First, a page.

Some of you have started your intern year of residency this past week, others will start on July 1st. I am SO excited for you all! I’ve thought about what words I needed to hear when I started intern year, and placed my top 3 tips for you here.
This is by far the most important thing for me. In order to truly open our minds and learn, we must push our boundaries a bit, out of our comfort zone. The first time you grab that patient chart as the doctor.. the first time you’re told to do a procedure by yourself.. the first time you place a medication order… it will all feel super weird. Scary sometimes. When you feel that discomfort or feel out of place, shift your mindset from “I’m not meant for this” to “I’m in a moment of growth.”
Think of discomfort as a positive in this way – it will teach you something.
Growing up, my mom always helped me with my math homework (she is a calc professor). She would tell me, “try the problem on your own, but if you still can’t get anywhere after 5 minutes, ask for help. There is no reason to spend hours on a problem that someone can help you with in 5 minutes.”
While medicine is not exactly the same (the stakes in medicine are higher of course), it taught me a good lesson – to ask for help when I need it. You won’t have a lot of time in residency to begin with. So don’t spend an hour looking for the note template or correct order in your system’s EMR. Sure, take a few minutes to look for it yourself, but if you can’t get it, don’t waste your time spinning your wheels.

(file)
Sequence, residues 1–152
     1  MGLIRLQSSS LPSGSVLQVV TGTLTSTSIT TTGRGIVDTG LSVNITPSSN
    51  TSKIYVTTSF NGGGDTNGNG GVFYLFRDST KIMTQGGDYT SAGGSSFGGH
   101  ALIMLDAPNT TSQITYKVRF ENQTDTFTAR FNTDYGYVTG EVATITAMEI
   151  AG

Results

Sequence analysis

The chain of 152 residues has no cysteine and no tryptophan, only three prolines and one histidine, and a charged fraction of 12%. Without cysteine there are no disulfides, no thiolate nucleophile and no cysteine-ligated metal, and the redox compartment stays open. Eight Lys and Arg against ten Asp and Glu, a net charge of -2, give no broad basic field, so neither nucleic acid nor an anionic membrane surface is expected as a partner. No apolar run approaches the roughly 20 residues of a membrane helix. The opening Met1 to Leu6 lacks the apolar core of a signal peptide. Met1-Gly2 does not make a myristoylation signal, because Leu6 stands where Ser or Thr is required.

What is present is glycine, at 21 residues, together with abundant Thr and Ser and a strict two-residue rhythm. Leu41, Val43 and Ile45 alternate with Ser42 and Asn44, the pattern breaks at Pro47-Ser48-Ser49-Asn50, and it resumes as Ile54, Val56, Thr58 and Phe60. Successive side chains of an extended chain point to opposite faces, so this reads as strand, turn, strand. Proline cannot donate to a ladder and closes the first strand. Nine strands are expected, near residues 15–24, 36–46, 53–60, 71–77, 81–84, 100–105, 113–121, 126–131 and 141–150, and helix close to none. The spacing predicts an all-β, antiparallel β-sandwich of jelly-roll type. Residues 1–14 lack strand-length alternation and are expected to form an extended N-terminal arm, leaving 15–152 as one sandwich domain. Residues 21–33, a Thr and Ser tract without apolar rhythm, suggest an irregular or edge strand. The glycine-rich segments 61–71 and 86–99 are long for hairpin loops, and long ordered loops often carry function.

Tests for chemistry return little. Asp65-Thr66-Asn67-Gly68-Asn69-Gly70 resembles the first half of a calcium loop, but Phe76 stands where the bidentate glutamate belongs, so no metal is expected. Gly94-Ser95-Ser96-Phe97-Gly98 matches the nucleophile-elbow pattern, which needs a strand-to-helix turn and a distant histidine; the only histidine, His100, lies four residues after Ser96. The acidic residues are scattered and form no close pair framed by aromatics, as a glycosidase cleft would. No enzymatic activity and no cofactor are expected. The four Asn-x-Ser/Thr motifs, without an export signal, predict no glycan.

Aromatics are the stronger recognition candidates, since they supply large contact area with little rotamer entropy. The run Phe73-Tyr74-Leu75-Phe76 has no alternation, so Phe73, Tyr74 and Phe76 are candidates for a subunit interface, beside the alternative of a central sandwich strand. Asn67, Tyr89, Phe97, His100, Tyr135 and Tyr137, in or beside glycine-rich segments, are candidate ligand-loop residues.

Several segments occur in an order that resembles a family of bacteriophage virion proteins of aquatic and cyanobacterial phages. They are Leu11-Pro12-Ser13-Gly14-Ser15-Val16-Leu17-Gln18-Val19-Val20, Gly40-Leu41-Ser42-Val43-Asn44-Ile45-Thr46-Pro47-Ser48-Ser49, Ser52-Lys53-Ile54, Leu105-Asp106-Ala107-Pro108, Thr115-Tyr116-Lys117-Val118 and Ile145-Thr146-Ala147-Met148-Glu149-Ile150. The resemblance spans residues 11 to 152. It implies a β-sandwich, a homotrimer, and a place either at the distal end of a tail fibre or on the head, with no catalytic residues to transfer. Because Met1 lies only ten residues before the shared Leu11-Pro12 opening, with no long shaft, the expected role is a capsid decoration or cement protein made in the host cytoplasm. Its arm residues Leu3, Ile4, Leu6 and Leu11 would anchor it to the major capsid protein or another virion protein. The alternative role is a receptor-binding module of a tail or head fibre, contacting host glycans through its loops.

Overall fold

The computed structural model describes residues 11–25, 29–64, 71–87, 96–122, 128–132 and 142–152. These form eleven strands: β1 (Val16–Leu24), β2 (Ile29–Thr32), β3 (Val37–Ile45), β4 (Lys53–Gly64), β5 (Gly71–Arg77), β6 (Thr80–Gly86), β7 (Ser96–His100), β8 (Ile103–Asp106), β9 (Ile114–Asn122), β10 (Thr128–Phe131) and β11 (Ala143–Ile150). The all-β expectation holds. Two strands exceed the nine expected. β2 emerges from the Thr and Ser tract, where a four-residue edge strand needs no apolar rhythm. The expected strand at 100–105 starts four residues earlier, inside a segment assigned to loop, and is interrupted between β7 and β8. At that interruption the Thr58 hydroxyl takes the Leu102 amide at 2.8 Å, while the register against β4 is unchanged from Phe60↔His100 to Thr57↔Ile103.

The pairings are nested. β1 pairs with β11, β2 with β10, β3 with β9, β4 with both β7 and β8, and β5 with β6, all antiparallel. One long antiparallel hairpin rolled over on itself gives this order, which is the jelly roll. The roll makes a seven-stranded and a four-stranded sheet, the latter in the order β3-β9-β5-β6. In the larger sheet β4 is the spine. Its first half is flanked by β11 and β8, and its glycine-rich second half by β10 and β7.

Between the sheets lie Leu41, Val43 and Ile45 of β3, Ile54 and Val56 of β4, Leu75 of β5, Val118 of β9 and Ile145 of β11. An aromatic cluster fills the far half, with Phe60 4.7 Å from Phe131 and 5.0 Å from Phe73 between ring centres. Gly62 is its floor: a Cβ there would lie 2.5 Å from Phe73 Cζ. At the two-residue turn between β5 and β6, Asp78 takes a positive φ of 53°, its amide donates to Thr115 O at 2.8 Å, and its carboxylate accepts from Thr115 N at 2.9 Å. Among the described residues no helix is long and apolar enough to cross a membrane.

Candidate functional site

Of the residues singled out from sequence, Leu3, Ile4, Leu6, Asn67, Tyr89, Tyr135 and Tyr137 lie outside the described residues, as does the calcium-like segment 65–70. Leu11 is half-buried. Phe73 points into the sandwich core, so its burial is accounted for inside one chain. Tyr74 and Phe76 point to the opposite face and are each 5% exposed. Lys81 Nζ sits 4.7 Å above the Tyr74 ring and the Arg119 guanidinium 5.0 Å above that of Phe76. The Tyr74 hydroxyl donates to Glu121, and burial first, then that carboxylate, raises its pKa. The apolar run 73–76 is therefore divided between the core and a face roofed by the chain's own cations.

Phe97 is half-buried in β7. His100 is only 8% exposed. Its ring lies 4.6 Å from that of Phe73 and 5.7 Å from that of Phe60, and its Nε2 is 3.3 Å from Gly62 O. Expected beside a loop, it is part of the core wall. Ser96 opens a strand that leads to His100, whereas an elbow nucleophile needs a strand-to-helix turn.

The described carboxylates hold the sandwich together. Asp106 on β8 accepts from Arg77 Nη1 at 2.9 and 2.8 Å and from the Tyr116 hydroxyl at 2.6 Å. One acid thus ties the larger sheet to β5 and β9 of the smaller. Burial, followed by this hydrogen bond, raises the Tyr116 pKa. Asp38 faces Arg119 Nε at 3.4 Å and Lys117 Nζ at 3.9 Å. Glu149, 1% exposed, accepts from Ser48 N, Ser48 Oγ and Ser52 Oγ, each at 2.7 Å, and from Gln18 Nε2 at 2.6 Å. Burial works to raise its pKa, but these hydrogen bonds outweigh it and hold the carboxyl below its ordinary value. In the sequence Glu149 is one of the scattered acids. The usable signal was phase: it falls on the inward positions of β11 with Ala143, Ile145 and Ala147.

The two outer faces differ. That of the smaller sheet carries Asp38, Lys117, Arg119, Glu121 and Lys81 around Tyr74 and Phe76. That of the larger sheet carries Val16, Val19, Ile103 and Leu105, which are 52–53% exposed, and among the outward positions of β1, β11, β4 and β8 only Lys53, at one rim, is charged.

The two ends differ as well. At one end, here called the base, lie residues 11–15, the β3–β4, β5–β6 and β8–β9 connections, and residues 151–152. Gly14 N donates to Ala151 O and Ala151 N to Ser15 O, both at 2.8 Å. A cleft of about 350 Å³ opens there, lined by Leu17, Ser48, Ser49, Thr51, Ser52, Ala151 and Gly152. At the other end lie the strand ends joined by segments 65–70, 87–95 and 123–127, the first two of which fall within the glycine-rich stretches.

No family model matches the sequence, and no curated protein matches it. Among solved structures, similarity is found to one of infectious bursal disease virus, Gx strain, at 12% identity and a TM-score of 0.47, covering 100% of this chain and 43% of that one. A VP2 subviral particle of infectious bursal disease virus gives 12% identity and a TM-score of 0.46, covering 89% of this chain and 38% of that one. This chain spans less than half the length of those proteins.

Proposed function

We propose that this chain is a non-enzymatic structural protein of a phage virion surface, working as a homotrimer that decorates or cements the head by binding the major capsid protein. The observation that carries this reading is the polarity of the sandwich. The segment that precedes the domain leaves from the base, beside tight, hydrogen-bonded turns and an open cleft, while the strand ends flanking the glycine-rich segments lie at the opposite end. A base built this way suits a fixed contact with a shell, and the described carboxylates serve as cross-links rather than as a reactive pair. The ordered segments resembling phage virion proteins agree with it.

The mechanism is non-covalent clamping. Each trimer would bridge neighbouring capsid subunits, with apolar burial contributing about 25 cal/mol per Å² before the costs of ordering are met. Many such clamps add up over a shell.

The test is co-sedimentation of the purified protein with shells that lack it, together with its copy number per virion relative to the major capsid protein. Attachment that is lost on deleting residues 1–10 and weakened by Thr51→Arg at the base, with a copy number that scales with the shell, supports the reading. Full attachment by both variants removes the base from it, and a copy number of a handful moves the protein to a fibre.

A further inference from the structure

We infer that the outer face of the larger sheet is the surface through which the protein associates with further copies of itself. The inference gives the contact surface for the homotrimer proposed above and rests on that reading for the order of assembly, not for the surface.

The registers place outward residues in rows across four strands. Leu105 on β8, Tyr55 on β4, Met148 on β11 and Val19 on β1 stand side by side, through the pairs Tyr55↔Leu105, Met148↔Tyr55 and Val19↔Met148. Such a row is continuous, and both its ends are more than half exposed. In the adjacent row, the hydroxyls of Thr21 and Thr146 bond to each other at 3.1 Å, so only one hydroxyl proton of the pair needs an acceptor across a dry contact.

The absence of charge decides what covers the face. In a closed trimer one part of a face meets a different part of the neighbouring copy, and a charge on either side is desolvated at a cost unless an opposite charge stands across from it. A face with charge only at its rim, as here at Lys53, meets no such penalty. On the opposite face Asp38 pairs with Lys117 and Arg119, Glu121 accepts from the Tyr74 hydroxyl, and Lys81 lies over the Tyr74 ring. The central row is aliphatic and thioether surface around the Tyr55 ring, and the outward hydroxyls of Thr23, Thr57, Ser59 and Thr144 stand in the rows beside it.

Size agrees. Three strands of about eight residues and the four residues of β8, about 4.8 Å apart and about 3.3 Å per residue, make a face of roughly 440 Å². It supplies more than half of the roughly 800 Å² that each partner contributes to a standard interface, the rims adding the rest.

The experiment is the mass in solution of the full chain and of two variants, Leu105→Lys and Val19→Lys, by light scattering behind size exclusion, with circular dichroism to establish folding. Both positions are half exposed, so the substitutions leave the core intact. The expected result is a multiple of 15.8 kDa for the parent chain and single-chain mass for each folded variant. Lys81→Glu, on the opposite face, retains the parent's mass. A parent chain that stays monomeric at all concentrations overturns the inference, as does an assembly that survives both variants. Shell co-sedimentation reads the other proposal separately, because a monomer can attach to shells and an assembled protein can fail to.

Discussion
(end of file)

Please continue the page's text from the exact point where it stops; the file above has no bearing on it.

Ask for help, learn it, and then move on to your next task.
… If you can at all help it. This is a hard one, because we really aren’t in control of our time during residency. I’m lucky that my residency program allows for me to get adequate sleep and I have enough time outside of work to get in a few workouts and some basic meal prep each week. But you may not have that luxury depending on your program and/or specialty. I can say pretty confidently that I would NOT have made it through intern year without these things.
So with whatever free time you DO have, prioritize yourself. This may mean that you can’t go help that friend move on your one day off because you really need to sleep and go for a long walk in the sun. And yes, it’s okay to tell your friend that’s the reason you can’t help. Set healthy boundaries. You only have so much time and energy.
You need to prioritize YOUR health and wellness, or you won’t be able to be there for your patients and loved ones.
Remember, you ARE prepared for this and if you work hard, you WILL succeed.